Jess Smith was our host for the evening and with her knowledge of Scottish indidgenous traveller tales we were off to a great start. Her passion for her people and their treatment by Scottish Government has a lot in common with Sean. He was totally engaging and funny and danced and sang and gave everyone a sense of indigenous culture. I shared a couple of stories but was very proud to share with them the Story of Barak, the Last of the Wurrundjeri who was supported and championed by a Scottish woman Anne Fraser Bon ( nee Dougall).
The Scottish centre was pleased to hear of her early efforts at reconciliation and they loved it so much they have asked for a copy of the story. Having visited her home town of Dunning in Perthshire I had a greater understanding of the woman and her cultural background.
Spent the afternoon in the Edinburgh Gardens telling stories about Australia. Pictured with events manager Ian Edwards and Amina Blackwood Meeks and me telling in the amazing brand new John Hope Gateway Centre, it is the most fantastic place. They even had a Woolami Pine in the entrance area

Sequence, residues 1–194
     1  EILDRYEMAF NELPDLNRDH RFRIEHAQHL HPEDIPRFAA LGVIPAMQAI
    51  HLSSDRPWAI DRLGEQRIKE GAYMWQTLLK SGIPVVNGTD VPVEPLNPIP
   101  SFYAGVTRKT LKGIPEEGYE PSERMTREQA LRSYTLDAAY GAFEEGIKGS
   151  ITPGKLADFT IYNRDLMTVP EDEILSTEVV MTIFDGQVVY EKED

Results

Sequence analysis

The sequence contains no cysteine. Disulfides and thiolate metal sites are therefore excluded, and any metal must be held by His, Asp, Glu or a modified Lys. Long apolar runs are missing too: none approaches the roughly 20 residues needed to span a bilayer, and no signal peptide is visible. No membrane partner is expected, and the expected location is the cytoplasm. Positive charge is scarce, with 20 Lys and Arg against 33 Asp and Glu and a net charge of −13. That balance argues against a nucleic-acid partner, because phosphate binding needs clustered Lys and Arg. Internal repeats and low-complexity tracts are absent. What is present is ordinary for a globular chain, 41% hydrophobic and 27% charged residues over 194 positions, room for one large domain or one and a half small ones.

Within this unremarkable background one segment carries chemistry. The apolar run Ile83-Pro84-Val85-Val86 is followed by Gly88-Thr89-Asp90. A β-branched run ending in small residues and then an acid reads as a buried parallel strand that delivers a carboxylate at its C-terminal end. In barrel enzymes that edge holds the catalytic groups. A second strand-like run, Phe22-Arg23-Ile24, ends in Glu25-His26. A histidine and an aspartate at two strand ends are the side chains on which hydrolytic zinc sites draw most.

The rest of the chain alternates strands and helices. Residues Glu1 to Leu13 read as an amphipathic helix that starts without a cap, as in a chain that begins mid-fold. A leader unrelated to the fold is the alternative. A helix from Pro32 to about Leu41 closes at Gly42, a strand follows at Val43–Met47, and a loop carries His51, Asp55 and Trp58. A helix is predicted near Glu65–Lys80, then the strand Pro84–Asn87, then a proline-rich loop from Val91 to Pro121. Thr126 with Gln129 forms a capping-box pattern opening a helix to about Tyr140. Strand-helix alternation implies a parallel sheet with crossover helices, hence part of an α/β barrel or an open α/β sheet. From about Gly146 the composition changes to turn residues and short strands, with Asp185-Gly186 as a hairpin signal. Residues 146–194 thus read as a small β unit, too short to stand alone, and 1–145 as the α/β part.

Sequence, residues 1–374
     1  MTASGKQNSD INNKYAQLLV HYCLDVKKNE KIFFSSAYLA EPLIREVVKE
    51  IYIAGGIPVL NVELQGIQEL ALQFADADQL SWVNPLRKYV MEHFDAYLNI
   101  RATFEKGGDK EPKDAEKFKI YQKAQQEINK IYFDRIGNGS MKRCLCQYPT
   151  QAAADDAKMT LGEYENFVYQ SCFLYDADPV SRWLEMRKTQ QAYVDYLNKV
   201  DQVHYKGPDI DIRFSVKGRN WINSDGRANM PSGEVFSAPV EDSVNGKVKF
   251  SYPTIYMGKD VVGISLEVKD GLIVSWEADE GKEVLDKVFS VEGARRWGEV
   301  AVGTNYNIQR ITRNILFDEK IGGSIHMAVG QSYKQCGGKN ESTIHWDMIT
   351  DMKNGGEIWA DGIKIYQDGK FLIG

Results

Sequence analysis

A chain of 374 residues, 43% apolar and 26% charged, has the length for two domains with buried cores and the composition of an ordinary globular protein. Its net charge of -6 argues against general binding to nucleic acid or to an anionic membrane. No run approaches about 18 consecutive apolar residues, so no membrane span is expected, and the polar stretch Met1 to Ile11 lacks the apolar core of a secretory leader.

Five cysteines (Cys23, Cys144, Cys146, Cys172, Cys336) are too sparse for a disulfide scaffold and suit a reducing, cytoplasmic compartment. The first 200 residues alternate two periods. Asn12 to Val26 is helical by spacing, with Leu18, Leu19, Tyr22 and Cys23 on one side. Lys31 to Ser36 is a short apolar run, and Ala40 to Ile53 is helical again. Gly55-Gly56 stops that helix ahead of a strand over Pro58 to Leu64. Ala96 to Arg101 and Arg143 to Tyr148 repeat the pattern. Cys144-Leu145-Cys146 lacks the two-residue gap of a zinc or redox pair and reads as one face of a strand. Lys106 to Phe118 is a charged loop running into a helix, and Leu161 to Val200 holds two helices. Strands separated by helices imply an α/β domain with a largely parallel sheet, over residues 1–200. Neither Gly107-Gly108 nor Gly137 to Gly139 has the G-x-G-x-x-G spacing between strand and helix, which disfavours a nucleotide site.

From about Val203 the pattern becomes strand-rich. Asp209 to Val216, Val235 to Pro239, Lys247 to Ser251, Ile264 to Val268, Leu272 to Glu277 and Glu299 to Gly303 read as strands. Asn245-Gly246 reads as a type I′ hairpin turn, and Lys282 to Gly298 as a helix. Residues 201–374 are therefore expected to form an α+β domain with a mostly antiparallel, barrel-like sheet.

Sunday, November 1, 2009
Mara Menzies kicked of the night with a short story before she introduced her guests the all singing, all dancing, vivacious Amina Blackwood Meeks and writer poet Joan Anim-Addo. Mara is a glorious young creature who is passionate about sharing her African/ Scottish Heritage. She spent her first 13 years in Kenya and her repertoire includes traditional folklore such as ‘How the cat came to live indoors’ and ‘The Seven Day Story’, to stories based on actual historical characters such as Kenyan freedom fighter Dedan Kimathi. (Website: www.TotoTales.co.uk )
Amina Blackwook-Meeks is one of the more prominent leading storytellers from Jamaica. This cultural icon lives in Jamaica but performs worldwide. Her stories, always entertaining, involve a political bent. Well versed in politics, Amina strives to entertain her audience while relating direct messages about politics and culture of the Caribbean and worldwide. Her educational background includes government, theatre and education, and she draws upon all of these in her varied performances.